anyway, our firm does do litigation and i have had friends that have gone that route. the shrt answer is that the hrs can b abotu the same, and it seems the overal stress lvl is about the same too, but different. whether one is "better" really dpedns on ur own personality, career goals, etc. despit wat pppl may tell u, whethr u do one or other, or even wat area u specialize in will affect ur career path, where geographically can work, etc. maybe i can have a more fullsome post if i can get a litigatr friend to contribute a post. but for eg - corporates will largly have long, unpredicatble hours, with overall short time frames, doing many deals, getting short bursts of activity, little "legal" work i think with more focus on either execution or commercial points (talkin bout CM or MA - there r other corporate areas too that cd b of course just as differnt - FIG, products, credit, tax, ip). lits cd very well work on one case tehir whole career, or not even see it finish. they have milestones like motions to fight, summary jdgment, evidence hearings or whatever - and a lot of it i tink nvr goes to trial so its a lot of research, writing, reading. crunch tims come when u have to write briefs or motions or watever, but mostly i garner that the time is spent indpendently without as much client interaction or the felling of being at the beck n cal of the client. of crse there are different areas of lit too that differ - appellate, bankruptcy, etc. i thnk being in ctonrol of ur own time and more predictablity in lit is nice, but at a junior level, ull be da bitch to ur seniors in any place, so may not be that different, and i dont think this shld affect a decision to do one or th other as much as other factors - such as wher eu thkn u may want to end up, wat ur interested in, etc. litigators r relgated to the US mostly. litigators have futures in public policy, the publci sector politics, teaching, jthe court system, dispute resolution, in house litigation positions, academia, etc. corp types work everywhere, hav ea 'fast' pasced life that sees different deals (for bettr or worse), and have futures in finance, in house positions in general corporate work or in ur particular expertise, academia, business. i picked corp wrk becaus o geographical flexibility actually, but was trained as an ip lawyer, i even am a patent attorney...go figure. id suggest talkkng to people on both sides, but asking not about their work, but their lifestyle, what they do, their hobbis, their free time. find out which ppl tend to match ur personality, what they'vdecided to do and why, and if thy r happy. thas how i picked firms too. bottomline: wihtin a single firm, whtehr u do lit or corp, stress and hrs will undoubtedly be similar, otw a lot of poepl wd pick one over the other at the outset cuz everyone is green, its like natural selection, or osmosis. somthing like taht.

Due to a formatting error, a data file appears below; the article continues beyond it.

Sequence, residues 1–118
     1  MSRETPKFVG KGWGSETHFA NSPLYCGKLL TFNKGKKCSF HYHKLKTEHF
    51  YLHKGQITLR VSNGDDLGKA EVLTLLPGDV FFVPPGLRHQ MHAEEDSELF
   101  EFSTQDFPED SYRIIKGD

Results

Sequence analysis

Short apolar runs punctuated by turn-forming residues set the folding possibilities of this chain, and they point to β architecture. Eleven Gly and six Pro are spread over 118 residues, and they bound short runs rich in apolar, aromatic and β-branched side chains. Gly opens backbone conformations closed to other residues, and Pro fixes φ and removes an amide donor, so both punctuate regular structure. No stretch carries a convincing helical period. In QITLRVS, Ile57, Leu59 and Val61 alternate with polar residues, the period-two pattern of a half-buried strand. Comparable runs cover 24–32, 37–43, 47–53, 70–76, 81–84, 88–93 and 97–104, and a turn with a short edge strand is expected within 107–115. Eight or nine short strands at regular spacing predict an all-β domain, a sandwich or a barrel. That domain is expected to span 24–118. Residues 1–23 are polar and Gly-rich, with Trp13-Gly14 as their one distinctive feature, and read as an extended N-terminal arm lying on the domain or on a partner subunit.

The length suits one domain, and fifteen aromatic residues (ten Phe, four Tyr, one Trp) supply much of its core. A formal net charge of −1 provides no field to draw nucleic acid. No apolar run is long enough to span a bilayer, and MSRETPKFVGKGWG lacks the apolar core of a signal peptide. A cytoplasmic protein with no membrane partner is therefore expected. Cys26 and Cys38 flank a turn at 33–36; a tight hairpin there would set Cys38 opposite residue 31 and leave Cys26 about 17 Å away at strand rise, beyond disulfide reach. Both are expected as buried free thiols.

ReplyDelete
    7. AnonymousJuly 06, 2011

      ya u should get ur litigation friend to write a post...

      ReplyDelete
    8. i talked to a few more pople in lit recently and to go back on what i said before, it seems like lit generally IS better than corp just because its so much more predictble and timetables are driven less by intense banker types and more by easy going corp types or the court, which is even more easy going. however, id reiterate the point abotu not necessarily choosing a path based on hours. if all else is abotu thes ame or u dont care, have at it but otw think about ur interests, where u wanna be and where u may want to end up. ill get someone to write a post at some point.

      ReplyDelete